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Alliss revels in golf’s theatre

I‘ve done 41 of these shows in the last six months,” Peter Alliss told me, standing next to the backstage entrance in the Everyman Theatre in Cheltenham, a few minutes before the second from- last date on his UK lecture tour to celebrate 50 years working as a commentator for the BBC. “In all that time, I’ve only had two questions about Tiger Woods. I think that’s been the biggest surprise.” Alliss, dressed in matching bright red cardigan and socks, seemed generally taken aback that the questions from crowds during his shows had been a little on the straightforward side. I wondered if he was dropping a hint to my friend Pat and me. Did he want us to be his plants? To ask him, say, about the time he used the word “bollocks” during live midday coverage of the World Matchplay Championship, perhaps, or his mid-’90s spat with Nick Faldo?

Prior to my visit to Cheltenham, a couple of friends asked if I’d met Alliss before.

“Yes,” I said, and I had to stop myself from adding “…years ago.” I suppose I feel like a lot of armchair golf fans in this sense: Alliss’s voice is so calming and familiar, you feel like you’ve not just listened to him for a long time but had one-to-one conversations with him. In truth, I met him for the first time only two years ago, during a break between two rounds at Woburn, but it didn’t feel like a first encounter. Pretty soon, he was away, talking to me about golf books, the Duke’s Course, and a friend of his who’d been sacked from the Financial Times many years ago for claiming that women weren’t as good at golf as men because their breasts got in the way: in other words, doing an only slightly less guarded version of the kind of freeform commentary you might get from him in a lull in Open action when the camera has panned across to the beach adjacent to the fairway.

Dressed in a 2004 Ryder Cup bomber jacket, he would have been easy to imagine in his own septuagenarian rap video, and it could not have been coincidence that myself and two of my playing partners that day had visions of him striding out to a Humvee in the carpark, crammed full of bling-clad groupies. We were late for our afternoon tee time, and didn’t mind a bit.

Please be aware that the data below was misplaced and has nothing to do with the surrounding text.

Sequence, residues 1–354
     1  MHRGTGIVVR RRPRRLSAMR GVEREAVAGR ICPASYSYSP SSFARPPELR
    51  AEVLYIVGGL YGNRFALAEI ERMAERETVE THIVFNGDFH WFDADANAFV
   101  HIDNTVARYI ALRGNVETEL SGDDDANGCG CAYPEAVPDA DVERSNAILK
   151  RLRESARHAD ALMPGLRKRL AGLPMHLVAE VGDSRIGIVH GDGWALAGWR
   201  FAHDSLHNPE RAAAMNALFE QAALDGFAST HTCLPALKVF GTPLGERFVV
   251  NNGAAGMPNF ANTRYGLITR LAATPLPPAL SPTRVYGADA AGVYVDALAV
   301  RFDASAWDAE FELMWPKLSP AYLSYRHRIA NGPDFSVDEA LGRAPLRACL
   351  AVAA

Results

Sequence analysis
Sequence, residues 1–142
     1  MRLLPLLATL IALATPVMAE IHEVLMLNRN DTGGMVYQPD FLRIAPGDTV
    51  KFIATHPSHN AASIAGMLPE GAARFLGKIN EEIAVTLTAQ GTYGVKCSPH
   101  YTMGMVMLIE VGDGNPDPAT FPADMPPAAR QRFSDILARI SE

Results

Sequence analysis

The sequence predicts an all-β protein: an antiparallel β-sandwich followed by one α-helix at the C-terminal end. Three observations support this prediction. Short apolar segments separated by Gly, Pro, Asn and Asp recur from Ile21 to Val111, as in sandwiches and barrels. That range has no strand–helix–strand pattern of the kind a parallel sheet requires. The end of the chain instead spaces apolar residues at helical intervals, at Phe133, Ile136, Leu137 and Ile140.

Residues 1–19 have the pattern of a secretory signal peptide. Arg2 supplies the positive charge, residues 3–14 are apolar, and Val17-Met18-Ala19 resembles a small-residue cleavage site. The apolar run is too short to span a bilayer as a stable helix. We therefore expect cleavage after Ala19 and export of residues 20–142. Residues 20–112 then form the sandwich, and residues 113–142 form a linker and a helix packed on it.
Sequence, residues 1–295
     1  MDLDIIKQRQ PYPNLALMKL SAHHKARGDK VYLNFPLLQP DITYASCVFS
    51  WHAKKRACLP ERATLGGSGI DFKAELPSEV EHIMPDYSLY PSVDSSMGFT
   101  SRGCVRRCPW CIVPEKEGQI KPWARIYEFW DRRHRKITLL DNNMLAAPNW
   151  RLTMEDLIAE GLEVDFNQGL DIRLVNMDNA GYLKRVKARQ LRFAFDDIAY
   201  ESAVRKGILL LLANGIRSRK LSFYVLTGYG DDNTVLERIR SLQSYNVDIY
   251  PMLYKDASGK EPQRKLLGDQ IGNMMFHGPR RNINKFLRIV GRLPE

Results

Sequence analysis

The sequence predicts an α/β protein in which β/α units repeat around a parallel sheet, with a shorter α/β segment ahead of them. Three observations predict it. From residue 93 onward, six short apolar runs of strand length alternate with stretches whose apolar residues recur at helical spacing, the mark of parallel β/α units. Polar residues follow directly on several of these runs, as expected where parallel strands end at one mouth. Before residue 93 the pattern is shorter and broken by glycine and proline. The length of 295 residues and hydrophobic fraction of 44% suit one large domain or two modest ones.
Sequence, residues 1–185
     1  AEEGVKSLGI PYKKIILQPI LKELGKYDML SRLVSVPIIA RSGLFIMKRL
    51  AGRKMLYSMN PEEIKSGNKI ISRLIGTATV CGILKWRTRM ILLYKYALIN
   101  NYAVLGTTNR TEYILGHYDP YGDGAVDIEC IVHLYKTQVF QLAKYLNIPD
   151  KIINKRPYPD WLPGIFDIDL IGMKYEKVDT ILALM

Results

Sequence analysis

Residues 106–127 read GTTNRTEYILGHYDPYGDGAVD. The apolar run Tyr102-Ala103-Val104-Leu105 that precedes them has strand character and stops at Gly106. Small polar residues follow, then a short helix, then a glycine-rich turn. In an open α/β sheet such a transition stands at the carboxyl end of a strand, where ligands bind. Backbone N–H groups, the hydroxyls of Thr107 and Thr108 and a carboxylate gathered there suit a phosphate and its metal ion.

For thousands of men like us, less than half of his age, Alliss is a nonconformist hero: perhaps more of a noncomformist hero than any actual British pro has been in our lifetime. That his nonconformity comes from an establishment perspective makes it all the more special. His lecture at Cheltenham ended with a small sermon about the old-fashioned joys of a private golf club, and a tangent involving Ray Reardon and Torquay which may be the most Middle English celebrity story I will hear this decade, but before that was a riot of free-speaking anecdote, veering between the opinionated and the spicy. He talked of his friend Ken Bousfield coming back from a dalliance with a dancer and missing an important tournament (“He was slightly lacerated”) and his early experiences as a teen, getting to know a “Ladies’ Man” at his local club (“I had no idea what a Ladies’ Man was but I watched him very closely”).

Alliss sat down to deliver his anecdotes, which, combined with a naughty schoolboy twinkle in the eye that’s still evident at 80 and that cardigan, gave the evening a touch of the Ronnie Corbetts: albeit the deluxe size version. For 18 years Alliss “held the record for being the heaviest baby born in Europe” at fourteen pounds and eight ounces. “My mother didn’t ride a bicycle for 18 months after that,” he added. After the interval, he thanked the two women he overheard loitering near the stage door expressing surprise that he “wasn’t as fat” as they thought he’d be. This is a frequent observation I’ve heard about Alliss: perhaps because his commentary prepares you for more cuddliness than the physical reality.